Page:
Foundations of Analysis
Department of Mathematics and Computer Science Hobart and William Smith Colleges Fall 2020. Instructor: David J. Eck (email@example.com) Web site: http://math.hws.edu/eck/math331/ Monday, Wednesday, Friday, 1:20–2:20 PM Room Eaton 111.
About The Course and the Textbook
Math 331 is a first course in real analysis. For much of the course, we will be talking about topics that you covered in Calculus I and Calculus II: limits, continuity, differentiation, integration, and infinite series and sequences. It is, however, decidedly not just another calculus course. In your calculus courses, you mostly learned some techniques and used them to solve some problems. For example, you memorized a list of rules for differentiation, and you used them to find the derivatives of a lot of functions (often given by formulas that are unlikely ever to turn up in a real-world application). You might have done some simple proofs, and you probably spent some time developing intuition about why certain things are true, but for the most part, "calculus" meant "calculating" based on some memorized formulas.
In this course, you will do very little calculating. Instead, you will be doing mathematics. That is, we will start from first principles and build up a theory from there, based on rigorous logical reasoning. The first principles are the definition and basic properties of the real numbers. The theory that we will develop is the real Calculus, the theory of the infinite and the infinitesimal that has taken some 2500 years to develop.
The textbook for the course is Foundations of Analysis, Second Edition, by David Belding and Kevin Mitchell. The two authors were professors at Hobart and William Smith Colleges until their retirement in 2017. This book was written specifically as a textbook for a pair of courses that they developed, Foundations of Analysis I and II. We will cover the material of the first of those courses, chapters 1 through 4 of the book.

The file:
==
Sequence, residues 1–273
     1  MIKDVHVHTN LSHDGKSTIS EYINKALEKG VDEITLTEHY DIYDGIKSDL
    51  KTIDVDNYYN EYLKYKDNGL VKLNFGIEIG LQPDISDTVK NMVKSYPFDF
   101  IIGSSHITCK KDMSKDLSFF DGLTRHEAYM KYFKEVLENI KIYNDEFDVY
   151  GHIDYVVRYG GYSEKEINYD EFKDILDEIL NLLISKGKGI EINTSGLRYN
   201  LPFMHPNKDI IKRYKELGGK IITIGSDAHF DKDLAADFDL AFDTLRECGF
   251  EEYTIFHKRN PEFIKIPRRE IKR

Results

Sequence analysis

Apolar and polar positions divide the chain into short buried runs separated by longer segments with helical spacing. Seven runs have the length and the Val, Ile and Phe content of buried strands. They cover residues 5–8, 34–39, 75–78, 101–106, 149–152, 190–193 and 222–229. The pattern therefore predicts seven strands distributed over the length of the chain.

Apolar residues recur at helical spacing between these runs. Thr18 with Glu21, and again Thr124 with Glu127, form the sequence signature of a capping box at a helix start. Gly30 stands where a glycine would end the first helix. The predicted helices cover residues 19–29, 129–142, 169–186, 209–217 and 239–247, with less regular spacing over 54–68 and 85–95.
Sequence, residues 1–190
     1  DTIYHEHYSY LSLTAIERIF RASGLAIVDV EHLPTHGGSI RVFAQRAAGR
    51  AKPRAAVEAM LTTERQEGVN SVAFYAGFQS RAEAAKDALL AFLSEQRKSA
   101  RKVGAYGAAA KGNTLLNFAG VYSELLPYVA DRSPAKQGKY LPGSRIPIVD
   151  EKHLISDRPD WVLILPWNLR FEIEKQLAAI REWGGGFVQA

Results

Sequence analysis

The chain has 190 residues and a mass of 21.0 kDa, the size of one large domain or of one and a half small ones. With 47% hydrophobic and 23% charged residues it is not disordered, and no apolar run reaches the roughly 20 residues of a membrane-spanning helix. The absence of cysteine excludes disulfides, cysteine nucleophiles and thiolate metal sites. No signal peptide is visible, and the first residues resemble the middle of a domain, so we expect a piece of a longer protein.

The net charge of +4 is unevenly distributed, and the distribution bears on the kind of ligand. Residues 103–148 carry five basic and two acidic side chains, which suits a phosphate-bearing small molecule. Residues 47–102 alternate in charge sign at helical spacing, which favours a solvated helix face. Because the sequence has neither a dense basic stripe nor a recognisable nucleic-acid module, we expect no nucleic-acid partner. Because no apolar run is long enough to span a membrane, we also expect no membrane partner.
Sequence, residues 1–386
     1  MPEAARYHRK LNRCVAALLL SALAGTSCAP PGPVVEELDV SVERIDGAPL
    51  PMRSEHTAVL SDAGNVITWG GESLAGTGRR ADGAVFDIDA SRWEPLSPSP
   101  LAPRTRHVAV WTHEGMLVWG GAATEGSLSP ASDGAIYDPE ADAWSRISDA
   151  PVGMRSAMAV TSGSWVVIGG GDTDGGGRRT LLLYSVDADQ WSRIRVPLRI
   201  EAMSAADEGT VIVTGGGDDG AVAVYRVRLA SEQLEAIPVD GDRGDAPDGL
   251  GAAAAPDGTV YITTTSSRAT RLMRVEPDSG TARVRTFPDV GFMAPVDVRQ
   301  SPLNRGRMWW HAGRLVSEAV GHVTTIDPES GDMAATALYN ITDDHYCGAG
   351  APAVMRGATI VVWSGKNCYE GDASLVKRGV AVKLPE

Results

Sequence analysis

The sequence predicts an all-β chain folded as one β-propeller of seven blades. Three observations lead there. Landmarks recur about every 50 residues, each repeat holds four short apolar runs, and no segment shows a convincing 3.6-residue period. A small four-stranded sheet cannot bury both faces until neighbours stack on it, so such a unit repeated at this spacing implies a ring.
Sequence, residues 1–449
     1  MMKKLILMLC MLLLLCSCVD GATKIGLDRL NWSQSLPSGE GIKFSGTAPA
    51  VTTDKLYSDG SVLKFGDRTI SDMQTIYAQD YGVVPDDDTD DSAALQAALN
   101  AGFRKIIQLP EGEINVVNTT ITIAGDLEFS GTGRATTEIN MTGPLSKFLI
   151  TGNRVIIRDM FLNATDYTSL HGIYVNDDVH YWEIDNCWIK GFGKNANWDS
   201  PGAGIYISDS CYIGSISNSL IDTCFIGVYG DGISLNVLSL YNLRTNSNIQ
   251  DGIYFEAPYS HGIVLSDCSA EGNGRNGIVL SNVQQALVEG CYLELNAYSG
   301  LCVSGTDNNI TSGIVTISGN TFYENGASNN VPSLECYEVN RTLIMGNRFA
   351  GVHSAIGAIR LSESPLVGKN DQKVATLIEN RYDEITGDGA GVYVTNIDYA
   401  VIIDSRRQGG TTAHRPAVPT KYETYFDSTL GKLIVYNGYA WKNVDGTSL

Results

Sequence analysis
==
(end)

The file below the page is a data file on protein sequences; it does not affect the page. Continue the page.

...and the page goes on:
The textbook was written before Math 135 was invented, and the courses based on it were often the first experience that students had with rigorous mathematics. You should be more prepared for the rigor than those earlier students were. I plan to take advantage of that fact by adding some material on metric spaces, which are often covered in similar analysis courses. We will see how certain fundamental properties of the real numbers can be generalized to a more abstract setting. The readings for this part of the course can be found online at https://math.hws.edu/eck/metric-spaces/.
About the Pandemic
Dealing with the pandemic will be an issue throughout the semester. While I hope that we will all be able to meet in person and that none of us will get sick or need to be quarantined, only time will tell how realistic that hope may be.
We should expect, according to school policy, to be wearing masks and practicing social distancing in class. No one who is showing symptoms should come to class. It is possible that someone will be asked to self-isolate because of possible exposure to the virus; the policy on that will be set by the Colleges. All of this applies to me as well as to students. In the worst case, we might have to deal with a full shutdown of the Colleges and a transition to remote classes. Detailed policies will be set by the Colleges.
I will try to make the class accessible to students who can't always be there in person. As the semester begins, I will be experimenting with recording or possibly streaming my lectures. I plan to post reading guides and maybe occasional short videos to supplement the readings from the textbook. I will set up appointment times for individual and group meetings on Zoom. Appointments will be available for anyone in the course, but I will definitely expect people who can't be in class to meet with me on Zoom if they are able to do that. And of course I will always be available on email. If I can't be in class myself, I expect the course to continue either remotely or with a guest lecturer filling in for me.
Homework will be assigned and collected weekly. I hope that most people in the course will be willing to write their solutions using LaTeX at overleaf.com. If your work is done at overleaf.com, and if you give me access to your project there, I will be able to view and comment on your work online.For more information about submitting homework, see
Note that a majority of the homework assignments will involve proving things. In most cases, I will give you feedback on your proofs and a chance to revise them to raise your grade.
You are encouraged to discuss homework assignments with me both before turning them in and after receiving feedback. It is possible that I will ask to meet with you about your revisions.
You are allowed and even encouraged to discuss homework problems with other students in the class. However, you should always write up your own solutions, with your own reasoning and in your own words.
Tests and Final Evaluation